A Chinese Finishing School is Helping to Narrow the Gap Between East and West

Cecilia Pidgeon

With Western brands flooding the high streets of cities throughout China, business between China and the West is at an all-time high. Every Western business wants a piece of China – and every Chinese person wants a piece of the West. Hundreds of thousands of Chinese teenagers head to English-speaking countries each summer for lessons, with reports there are even more people studying English in China than in the US. Now, a company in Beijing is trying to teach Western manners to Chinese people by opening a finishing school aimed primarily at adult females.

The Institute Sarita is the brainchild of Sara Jane Ho. Schooled at the prestigious Harvard Business School, Ho then attended Institut Villa Pierrefeu, a traditional Swiss finishing school, which served as the inspiration for bringing the concept of finishing schools to China. As Ho says on the institute’s website, ‘Everyone needs to study etiquette… etiquette should not divide culture or classes, but rather bring people together.’

While etiquette may help to bring people together and promote equality, the costs of the course are prohibitive. Classes are small and the prices range from CNY68,200–CNY857,912 (£8,000–£10,000/$99,790–$124,741) for a 10- or 12-day course. The two most popular courses are ‘hostess’ courses, which are aimed at married women, and ‘debutante’, aimed at unmarried women.

On the hostess course, students can expect to learn topics such as the behaviour and customs expected in the highest echelons of society around the world; the art of European dining; table conversation, table decoration and wine appreciation.

In addition to the longer courses on offer, Institute Sarita also hosts weekend etiquette courses where students can learn table manners, and have an introduction to French cuisine and to British afternoon tea.

The Institute Sarita offers a range of courses to help Chinese and Westerners understand each other’s formal etiquette and social norms

A two-way street

Of course, the study of other cultures is not a one-way street. Many Western entrepreneurs seeking to make inroads into China also need to master the local customs and cultures. For every Chinese debutante who has mistakenly eaten her dessert with the soup spoon, there’s a Western businessman who has lost out on the deal of a lifetime by scattering rice across the tablecloth with his errant chopstick technique. Because of this, the Institute Sarita also offer courses on Chinese etiquette to Westerners.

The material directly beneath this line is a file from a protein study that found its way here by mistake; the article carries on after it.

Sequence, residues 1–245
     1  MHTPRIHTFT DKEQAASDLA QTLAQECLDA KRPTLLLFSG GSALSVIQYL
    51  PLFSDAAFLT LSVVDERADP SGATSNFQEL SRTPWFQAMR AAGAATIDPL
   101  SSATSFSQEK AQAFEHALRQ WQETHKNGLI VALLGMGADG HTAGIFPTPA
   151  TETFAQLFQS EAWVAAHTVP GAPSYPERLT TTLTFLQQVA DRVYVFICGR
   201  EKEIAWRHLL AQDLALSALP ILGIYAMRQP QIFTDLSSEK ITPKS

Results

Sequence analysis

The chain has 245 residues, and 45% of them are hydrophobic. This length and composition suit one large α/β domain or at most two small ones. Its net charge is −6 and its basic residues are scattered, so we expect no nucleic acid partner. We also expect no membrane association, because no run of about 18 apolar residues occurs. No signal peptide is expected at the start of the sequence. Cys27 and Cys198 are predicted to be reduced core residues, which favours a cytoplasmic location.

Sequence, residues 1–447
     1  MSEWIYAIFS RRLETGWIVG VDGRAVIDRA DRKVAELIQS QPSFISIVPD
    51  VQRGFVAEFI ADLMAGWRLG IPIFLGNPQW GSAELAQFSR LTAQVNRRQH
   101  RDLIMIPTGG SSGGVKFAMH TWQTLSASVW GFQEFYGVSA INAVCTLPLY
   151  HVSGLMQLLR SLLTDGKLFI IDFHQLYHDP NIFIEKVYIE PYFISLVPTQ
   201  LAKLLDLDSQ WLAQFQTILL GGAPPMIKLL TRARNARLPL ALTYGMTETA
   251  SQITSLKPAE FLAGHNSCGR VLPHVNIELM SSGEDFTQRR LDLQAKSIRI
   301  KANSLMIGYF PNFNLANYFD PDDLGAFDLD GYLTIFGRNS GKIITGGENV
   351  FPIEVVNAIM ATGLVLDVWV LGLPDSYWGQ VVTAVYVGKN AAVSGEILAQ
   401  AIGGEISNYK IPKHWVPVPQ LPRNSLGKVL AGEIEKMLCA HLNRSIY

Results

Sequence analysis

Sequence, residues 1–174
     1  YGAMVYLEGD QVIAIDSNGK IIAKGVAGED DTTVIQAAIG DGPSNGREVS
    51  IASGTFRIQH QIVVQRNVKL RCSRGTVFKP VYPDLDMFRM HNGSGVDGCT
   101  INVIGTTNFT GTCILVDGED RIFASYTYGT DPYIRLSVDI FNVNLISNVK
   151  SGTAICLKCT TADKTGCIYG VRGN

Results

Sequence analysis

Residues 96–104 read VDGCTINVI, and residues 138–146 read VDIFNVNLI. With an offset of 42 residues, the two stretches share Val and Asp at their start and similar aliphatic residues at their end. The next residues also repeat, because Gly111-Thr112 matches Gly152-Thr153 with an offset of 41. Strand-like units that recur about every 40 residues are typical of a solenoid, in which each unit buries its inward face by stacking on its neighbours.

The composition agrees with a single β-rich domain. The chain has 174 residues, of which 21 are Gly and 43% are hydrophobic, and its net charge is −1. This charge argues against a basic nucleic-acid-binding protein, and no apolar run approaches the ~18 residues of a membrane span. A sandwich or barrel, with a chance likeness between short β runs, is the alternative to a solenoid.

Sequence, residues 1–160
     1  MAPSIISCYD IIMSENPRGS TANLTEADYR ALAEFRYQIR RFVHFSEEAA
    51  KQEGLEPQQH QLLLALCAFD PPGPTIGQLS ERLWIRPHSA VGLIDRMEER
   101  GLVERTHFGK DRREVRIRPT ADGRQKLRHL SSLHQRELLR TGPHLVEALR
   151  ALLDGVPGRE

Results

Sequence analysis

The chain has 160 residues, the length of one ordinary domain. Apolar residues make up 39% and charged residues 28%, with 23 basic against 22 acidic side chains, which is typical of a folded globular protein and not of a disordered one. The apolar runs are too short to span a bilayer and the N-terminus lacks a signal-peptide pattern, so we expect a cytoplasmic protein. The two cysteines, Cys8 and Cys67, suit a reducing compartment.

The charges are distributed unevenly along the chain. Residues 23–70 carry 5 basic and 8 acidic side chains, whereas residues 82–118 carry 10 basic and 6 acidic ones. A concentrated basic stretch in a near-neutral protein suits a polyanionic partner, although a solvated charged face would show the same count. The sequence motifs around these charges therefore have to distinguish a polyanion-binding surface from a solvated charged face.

Invaluable topics covered include greetings; introductions and taking leave; precedence and table seating; the art of building a business network (known as ‘guanxi’ in Chinese); Chinese table manners and toasting; and Chinese psychology and non-verbal communication.

The Institute also tackles probably the most difficult aspect of understanding Chinese psychology: the concept of face. Keeping face, saving face and never, ever causing a potential business contact to lose face.

The founder, Sara Jane Ho, who herself attended a Swiss finishing school

Ladies who enterprise

The Institute Sarita is steadily growing since it first opened its doors. The school now has premises in both Beijing and Shanghai, and both Ho and its president, Rebecca Li, have had books published – Ho penned Finishing Touch: Good Manners for the Debutante and Li scribed Elegant Hostess: Good Manners for the Lady of the House.

As pioneers in their field of business, these enterprising ladies have hit on a genuine niche market – and although Institute Sarita’s current exclusivity ensures a limited appeal to the super-rich who can afford it, no one could argue that the company’s basic premise isn’t rock solid.

As the success of this venture proves, if you want to make connections in another country and culture, then you need to do a bit of study. As the ties between the West and China become evermore entwined, it would appear that this message is going to become more and more relevant.

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